The thing I was noticing this year is that the list of grant awards from my favorite ICs seems...interesting. To me anyway. And given when I tend to find interesting (i.e., the unusual) it would be no surprise if this was as feature not a bug. I.e, real.

Look at it this way. The unusual has the potential to be treated somewhat poorly by study sections or it wouldn't be an unusual application. If you subscribe to a view that study sections suffer from a certain conservatism (and I do subscribe) than it makes sense that the end of year pickups might be interesting due to them being unusual. Perhaps there are POs who likewise look at the list of near-misses and are attracted to the grant application that offers a little breath of fresh air. Perhaps it is because there are the odd RFA extras that can be squeezed under the budget line.

...or maybe I am extrapolating too far from very limited data.

13 responses so far

Repost: "Thanks, Doc."

(by drugmonkey) Sep 28 2015

Reposting due to recent comment thread. This post originally appeared on the blog 8/28/2008.

Watching Michelle Obama speak at the Democratic Convention this week was awe inspiring and hope uplifting for many Americans and others worldwide. I was feelin' it myself. But what really hammered home the real message here, for me, was listening to various media interviews with African-American women. They explained in both humble and soaring terms how important it was for their dreams, aspirations and parental hopes that Michelle stood up there, brilliant, black, beautiful, charismatic and, let's face it, just plain fabulous. Her strength and will as an advocate for the downtrodden, her country and her family alike was a big hit for women everywhere who finally, finally see families that are just like theirs making a serious run at the US Presidency.

This reminds me of a phenomenon experienced by a scientist with whom I am familiar.

"The conversation usually ends with 'Thanks Doc, it means a lot'."

It is no news that US research science looks like a little bit of apartheid. White folks are overrepresented in the faculty ranks and overrepresented in the trainee ranks down to the undergraduate level, relative to the general US population. Frequently enough relative to local city or state populations as well. African-Americans and Latino-Americans are considerably underrepresented.

[Don't yeah-but me with your favorite allegedly overrepresented group in the comments, it is irrelevant to today's discussion.]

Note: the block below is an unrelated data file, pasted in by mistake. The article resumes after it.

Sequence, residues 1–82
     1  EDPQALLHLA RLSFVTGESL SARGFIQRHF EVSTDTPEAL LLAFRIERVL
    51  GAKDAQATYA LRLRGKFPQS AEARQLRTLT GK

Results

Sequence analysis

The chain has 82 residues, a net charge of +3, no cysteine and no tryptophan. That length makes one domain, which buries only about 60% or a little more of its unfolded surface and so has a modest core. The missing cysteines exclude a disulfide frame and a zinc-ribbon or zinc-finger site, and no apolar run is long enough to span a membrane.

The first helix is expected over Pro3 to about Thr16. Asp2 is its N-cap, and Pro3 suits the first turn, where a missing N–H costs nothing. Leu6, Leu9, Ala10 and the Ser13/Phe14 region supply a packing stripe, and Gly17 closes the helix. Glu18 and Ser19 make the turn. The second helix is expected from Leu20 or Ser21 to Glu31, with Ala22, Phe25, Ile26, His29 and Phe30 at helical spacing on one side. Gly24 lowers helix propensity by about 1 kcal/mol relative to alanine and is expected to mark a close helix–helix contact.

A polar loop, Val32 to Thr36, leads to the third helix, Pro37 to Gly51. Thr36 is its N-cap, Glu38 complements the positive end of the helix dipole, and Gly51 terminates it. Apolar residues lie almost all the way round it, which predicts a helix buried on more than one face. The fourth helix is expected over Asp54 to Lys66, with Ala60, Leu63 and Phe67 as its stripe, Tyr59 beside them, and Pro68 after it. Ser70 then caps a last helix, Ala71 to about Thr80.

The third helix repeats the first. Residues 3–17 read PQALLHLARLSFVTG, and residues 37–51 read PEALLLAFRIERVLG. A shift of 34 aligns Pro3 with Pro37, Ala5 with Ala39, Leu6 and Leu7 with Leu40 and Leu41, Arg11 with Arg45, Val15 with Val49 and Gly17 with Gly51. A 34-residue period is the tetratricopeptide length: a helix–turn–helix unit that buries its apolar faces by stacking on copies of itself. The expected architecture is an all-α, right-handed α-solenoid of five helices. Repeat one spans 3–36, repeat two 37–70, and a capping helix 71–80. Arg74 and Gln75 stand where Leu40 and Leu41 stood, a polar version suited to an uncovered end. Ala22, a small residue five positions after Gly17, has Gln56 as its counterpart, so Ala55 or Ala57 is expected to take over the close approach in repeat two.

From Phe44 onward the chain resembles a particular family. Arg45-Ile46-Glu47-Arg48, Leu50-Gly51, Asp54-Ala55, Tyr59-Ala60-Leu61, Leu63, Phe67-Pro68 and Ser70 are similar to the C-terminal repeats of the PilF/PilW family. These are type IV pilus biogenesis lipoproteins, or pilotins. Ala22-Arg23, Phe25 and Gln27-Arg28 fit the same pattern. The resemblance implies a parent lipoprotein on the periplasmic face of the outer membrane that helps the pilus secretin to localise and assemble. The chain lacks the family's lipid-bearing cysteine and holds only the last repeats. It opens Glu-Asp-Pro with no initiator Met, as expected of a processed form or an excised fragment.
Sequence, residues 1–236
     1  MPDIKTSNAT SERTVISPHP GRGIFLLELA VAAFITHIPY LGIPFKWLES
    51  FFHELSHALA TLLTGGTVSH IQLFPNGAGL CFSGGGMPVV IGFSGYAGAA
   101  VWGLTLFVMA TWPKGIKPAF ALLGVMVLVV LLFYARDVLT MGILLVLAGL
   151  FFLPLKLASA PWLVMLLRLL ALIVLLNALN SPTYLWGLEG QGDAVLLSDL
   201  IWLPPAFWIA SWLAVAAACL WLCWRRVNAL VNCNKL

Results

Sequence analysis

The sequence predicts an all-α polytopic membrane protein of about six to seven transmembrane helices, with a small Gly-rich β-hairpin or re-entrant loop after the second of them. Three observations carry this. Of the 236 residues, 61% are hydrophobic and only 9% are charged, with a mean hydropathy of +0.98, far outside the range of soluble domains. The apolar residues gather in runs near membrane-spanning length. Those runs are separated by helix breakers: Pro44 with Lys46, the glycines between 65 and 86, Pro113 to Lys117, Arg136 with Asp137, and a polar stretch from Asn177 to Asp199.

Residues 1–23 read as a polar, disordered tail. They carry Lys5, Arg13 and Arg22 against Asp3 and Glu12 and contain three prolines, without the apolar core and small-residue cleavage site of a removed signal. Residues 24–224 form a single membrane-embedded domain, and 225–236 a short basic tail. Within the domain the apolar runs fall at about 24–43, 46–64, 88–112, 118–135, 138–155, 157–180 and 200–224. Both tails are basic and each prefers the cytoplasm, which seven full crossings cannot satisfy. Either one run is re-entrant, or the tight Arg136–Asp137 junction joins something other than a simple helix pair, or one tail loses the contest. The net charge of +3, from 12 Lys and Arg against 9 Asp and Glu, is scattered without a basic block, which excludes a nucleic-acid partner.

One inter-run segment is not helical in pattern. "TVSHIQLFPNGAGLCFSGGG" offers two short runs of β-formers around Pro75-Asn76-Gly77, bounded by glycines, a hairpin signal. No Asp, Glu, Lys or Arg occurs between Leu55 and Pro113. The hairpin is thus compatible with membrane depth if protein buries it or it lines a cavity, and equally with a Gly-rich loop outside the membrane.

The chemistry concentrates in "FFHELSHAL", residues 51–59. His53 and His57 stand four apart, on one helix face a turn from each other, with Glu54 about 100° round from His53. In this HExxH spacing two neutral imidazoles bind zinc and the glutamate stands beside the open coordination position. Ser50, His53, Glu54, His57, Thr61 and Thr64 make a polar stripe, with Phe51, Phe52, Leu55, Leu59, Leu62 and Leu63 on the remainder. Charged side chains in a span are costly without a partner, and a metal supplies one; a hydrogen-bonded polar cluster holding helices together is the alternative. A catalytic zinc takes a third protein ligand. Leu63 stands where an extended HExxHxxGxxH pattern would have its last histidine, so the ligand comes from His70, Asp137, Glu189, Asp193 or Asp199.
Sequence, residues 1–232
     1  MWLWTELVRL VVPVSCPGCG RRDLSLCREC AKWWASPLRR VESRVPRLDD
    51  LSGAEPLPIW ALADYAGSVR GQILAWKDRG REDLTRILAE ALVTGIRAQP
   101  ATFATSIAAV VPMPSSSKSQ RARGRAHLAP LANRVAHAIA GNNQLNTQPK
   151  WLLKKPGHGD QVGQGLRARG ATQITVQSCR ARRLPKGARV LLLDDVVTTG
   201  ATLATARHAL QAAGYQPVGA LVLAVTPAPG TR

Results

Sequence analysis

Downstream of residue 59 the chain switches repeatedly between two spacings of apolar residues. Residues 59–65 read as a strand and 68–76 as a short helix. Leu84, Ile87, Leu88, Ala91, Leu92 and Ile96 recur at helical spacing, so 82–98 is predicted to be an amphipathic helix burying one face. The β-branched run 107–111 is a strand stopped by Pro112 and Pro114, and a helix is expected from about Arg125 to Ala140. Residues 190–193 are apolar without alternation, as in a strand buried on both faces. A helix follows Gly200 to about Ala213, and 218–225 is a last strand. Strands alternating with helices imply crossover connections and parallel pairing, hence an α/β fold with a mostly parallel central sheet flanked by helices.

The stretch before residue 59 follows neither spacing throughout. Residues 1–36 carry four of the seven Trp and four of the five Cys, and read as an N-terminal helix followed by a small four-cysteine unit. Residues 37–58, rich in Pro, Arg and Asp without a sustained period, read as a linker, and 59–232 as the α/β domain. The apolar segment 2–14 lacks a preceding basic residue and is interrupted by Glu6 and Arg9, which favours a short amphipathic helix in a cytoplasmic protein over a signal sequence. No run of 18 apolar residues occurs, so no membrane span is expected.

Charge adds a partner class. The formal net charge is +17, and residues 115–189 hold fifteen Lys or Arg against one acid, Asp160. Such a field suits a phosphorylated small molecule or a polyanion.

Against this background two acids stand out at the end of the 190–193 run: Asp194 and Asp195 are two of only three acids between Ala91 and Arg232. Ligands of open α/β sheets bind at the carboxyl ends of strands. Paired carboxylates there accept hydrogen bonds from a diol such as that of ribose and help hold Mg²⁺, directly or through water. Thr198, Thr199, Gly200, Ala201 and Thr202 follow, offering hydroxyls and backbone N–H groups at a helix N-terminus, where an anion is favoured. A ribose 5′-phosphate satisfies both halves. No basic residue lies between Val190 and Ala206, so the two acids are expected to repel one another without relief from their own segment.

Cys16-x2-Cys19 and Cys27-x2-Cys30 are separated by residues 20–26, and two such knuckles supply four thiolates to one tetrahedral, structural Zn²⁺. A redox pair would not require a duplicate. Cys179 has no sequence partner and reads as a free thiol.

In the service ranks, this is a different story. Visit a few Universities around the country, attend scientific meetings in the usual hotspots of Washington DC, New Orleans, Atlanta, San Diego, Los Angeles, Chicago and unless you are in complete denial or completely oblivious you notice something.

African-Americans and Latino-Americans (and some additional nonwhite ethnic groups) are considerably overrepresented in the service ranks. Administrative assistants, janitors, animal care techs, facilities staff, hotel and convention name it.

These national realities are not just anecdotes, of course. Every time we talk about affirmative action issues in the Academy on a national level, the dismal stats are related.

I make my views on casting a wide net and dismantling artificial barriers to success in science pretty clear in my blogging. I argue this both from the perspective of an advocate for my scientific domain who wants progress made and as an advocate for the individual scientist and his/her career.

Michelle Obama and the scientist who receives the "Thanks Doc" conversations remind me of another important, perhaps more important, reason for dismantling artificial barriers to science career success.

It matters that "people who look like me, are like me, have families like me" are a highly visible part of the landscape. It matters a lot. And this is why I will smack down knuckleheads who bleat on about quotas and "taking slots from the more deserving" and crap like that. First, of course, because those types (almost hysterically, unbelievably, overrepresented in the fizzycyst population) display a fundamental intuitive misunderstanding of populations, central tendencies, variance in the distribution and the rarity of extreme talents.

Second, because they disingenuously ignore the warm fuzzies, opportunities and biases associated with the vast majority of the Academy looking just like them. Third because these morally shriveled little wankers are just plain fun to tweak and can be tangled up in their inconsistencies and hypocrisy with little effort. But I digress.

Unsurprisingly, the scientist to whom I am referring looks somewhat other than the vast majority of independent scientists at the University in question. Actually, I think people have a fairly difficult time discerning just what ethnic association fits but lets just say "nonwhite", pointedly underrepresented in science. Of a variety with which many people who work in support roles at the University in question identify. Ethnicity pegging is not helped in that this person does not speak, act, associate, recreate, hobby-ate, idea-ate, iPod-ate, etc in any particularly ethnically-specific or stereotypic ways that I can detect. This observation is quite important. Unlike Michelle Obama, for whom many aspects of the identity package are consistent with the women being interviewed on the radio this week, this scientist basically only looks "like them".

My subject scientist relates numerous conversations which follow a common thread. Some staff person will drop by the office to say "Thanks Doc. It's really important to see one of us in this office doing this job."

That is the crux of the issue. Image is important. Identity is important. It matters to the larger issues of diversity that we have readily apparent, quotidian, barebones diversity. It matters to our social fabric of opportunity and fairness. It matters to the fundamental principles of what it means to be an American citizen when we are talking politics. It matters to the fundamental principles of the Academy as well.

10 responses so far